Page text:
Chickens Can Be Expensive

In Pittsburgh, as in most cities, you will need to provide shelter, food, water, protection from predators and keep rodents away from the feed. Chickens know on their own to go to bed at dusk each night. Different municipalities will have different urban farming rules. Noise and public health ordinances must be followed, and chickens leave it to you to read and follow the rules.

Protect Your Family's Health

Dr. Sherrill Davison, associate professor of Avian Medicine and Pathology at Penn Vet says: "People need to handle poultry safely. While some salmonella can get into eggs, most infections happen when someone is handling their chickens and the birds' fecal matter gets on their hands. They then accidentally ingest it when they touch their mouth". Eeeew, but true.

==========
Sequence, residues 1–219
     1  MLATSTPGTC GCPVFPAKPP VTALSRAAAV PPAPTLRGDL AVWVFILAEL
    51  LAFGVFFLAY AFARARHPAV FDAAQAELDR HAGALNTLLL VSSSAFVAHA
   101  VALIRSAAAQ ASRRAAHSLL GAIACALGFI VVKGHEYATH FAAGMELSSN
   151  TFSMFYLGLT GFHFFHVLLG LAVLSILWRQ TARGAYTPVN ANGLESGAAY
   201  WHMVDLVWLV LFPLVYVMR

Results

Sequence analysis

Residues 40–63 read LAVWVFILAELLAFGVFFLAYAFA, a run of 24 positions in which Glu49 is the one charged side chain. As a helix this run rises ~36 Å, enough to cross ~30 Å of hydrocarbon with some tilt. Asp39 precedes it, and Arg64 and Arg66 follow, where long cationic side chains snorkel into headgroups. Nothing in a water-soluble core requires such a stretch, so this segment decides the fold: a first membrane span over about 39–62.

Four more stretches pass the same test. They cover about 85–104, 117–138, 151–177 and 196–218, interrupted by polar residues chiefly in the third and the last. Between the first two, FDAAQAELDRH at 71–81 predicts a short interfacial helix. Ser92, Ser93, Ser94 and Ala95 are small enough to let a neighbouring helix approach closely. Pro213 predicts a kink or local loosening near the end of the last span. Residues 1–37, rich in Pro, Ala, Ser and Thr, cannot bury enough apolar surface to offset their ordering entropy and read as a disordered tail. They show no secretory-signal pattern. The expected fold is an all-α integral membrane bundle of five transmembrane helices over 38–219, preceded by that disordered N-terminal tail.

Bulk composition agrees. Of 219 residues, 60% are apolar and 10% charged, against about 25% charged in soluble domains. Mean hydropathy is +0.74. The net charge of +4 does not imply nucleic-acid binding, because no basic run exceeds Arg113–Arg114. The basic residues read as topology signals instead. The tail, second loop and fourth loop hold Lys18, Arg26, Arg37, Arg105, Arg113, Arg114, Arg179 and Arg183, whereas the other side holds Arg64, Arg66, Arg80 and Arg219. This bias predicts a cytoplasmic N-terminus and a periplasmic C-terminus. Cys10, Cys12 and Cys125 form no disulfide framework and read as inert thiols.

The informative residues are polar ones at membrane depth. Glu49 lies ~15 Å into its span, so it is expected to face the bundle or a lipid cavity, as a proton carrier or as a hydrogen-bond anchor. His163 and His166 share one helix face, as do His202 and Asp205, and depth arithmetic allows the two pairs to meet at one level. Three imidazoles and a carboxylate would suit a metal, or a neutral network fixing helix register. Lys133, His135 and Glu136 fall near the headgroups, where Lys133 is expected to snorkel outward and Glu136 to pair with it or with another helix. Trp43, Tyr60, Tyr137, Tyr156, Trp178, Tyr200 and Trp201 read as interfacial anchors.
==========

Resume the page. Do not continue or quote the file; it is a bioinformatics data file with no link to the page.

Chicks and ducks may appear clean to the human eye, but they can still carry salmonella.

Ways flock owners can avoid getting sick:

Always wash hands well with soap and water after handling feathered pets, and keep hands away from the face.

Don't let live poultry inside the house, especially in areas where food is served.

Don't let kids under 5 handle or touch chicks, ducklings or other live poultry without adult supervision.

Toss eggs that look dirty or cracked. Don't just rinse them with cold water. 

Refrigerate the eggs after you take them from the coop.

Cook eggs thoroughly.

Families who keep backyard chickens and ducks should also be sure to give their feathered pets regular veterinarian check-ups, just like they would for a family pet.

There was a very funny Britcom in the 70's called "The Good Life". I still watch the reruns. It took place way before the self-sufficiency bandwagon had many passengers, and the couple, Mr. and Mrs. Good,  were considered a few slices of mozzarella short of a pizza.